An attempt to silence the film fraternity

The proposed amendments to the cinematograph law will prevent film-makers from making certain kinds of films

Can we remain silent when there is a proposal to muzzle our society’s voice of creativity and reflection? I have always believed in the power of cinema to transform society and I still do. The belief stems from my personal experiences as a film-maker and I have also seen first-hand what it is to defend one’s constitutional rights. The recent action of the Central government is one such. I am referring to the draft Cinematograph (Amendment) Bill, 2021 for which the Ministry of Information and Broadcasting has asked for opinions before presenting it to Parliament.

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The draft Bill

My icon, M.K. Gandhi, failed to realise the full potential of cinema and so did E.V. Ramasamy. Imagine if righteous people like them had taken cognisance of this platform? The power of this medium has made me what I am today. Cinema is an auteur’s medium. But it is also the voice of the people and hence the voice of the institution of democracy. Now the Central government is keen to seize that voice of democracy by a single act of Parliament.

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The draft Cinematograph (Amendment) Bill proposes to add a proviso to sub-section (1) of Section 6 of the Cinematograph Act to grant revisionary powers to the Central government to direct re-examination of films that have already been certified for public exhibition. This is done predominantly with a view to empower the government to interfere and influence the independence of the Central Board of Film Certification (CBFC) in certifying films and, more dangerously, to reopen records of already certified films.

It is pertinent that we understand the present scenario to clearly perceive the excess of the proposed amendment. While the current censorship rules are archaic and redundant and we have been crying ourselves hoarse to abolish the same, inviting artistes to be their own censors, the amendment to provide for revisionary powers to any government after certification is a step further back. This amendment comes close on the heels of the government’s decision, in April 2021, to abolish the Film Certification Appellate Tribunal. Consequently, the only resort available now to any film-maker who is aggrieved by a decision of the CBFC is to approach the relevant High Court which would be too expensive and time-consuming for most film-makers.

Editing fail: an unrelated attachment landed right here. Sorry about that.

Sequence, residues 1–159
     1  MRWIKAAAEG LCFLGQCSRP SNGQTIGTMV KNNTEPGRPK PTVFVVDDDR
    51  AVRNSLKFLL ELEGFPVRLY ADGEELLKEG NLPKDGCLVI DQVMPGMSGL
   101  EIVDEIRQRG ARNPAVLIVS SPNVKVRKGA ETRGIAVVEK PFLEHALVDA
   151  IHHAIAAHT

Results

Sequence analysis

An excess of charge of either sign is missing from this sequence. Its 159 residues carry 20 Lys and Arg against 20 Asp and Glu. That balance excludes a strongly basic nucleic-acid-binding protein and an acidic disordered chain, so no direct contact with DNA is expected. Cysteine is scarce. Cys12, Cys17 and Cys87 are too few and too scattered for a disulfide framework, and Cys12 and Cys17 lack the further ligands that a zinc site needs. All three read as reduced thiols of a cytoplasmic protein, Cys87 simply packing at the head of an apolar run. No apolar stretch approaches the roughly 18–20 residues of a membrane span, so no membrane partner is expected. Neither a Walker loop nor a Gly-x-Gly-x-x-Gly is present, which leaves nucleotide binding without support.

Through this amendment, the Central government has sought to usurp powers that are held to be “unconstitutional” by the Supreme Court of India. Portions of Section 6(1) of the principal Act were held to be unconstitutional by the Supreme Court in Union of India v. K. M. Shankarappa (2000). The Court held that “Section 6(1) is a travesty of the rule of law which is one of the basic structures of the Constitution”.

 

Revisionary powers

The impression that the Central government is trying to create now is that it is powerless to act against complaints received. I had the experience of a State government acting on a complaint and an imaginary scenario. I did showcase my film before its release to my brethren who expressed their apprehensions even after the Censor Board certified it. The imbroglio created over the film’s supposedly inflammatory nature led to the closing of doors of theatres in my own State, all due to political machinations. It is that avenue which this amendment opens out to any government to use its revisionary powers, which it anyway has.

The government is well empowered to act against complaints received, by submitting itself to judicial review against decisions of the CBFC granting certification, instead of trying to impose executive excess, which was the core principle laid down by the Supreme Court through its order. The Central government seems to have manipulated and manoeuvred this situation since the Tribunal has recently been struck down.

Also read | Abolition of Film Certification Appellate Tribunal leaves film industry puzzled, anxious

The draft Bill will only restrict freedom of speech and put a gag on the film fraternity, preventing film-makers from making films on bad governance, social evils, and so on. Further, any executive authority may be emboldened to ban films based on frivolous petitions of groups with vested interests or fringe groups.

In this age of the Internet, every person is more than a mere soapbox orator. The government is aiming to silence its people. All those who trust and are invested in liberty, equality and fraternity should voice their protest. If temporary myopia is the problem of certain sections of the media and other political parties, then the Makkal Needhi Maiam and I will become the torchbearer.

The time to rally is now, since the government has invited comments from the public till July 2 before the Bill is taken to Parliament. Acts once passed will affect generations to come.

Kamal Haasan is a film-maker and artiste and president of the Makkal Needhi Maiam

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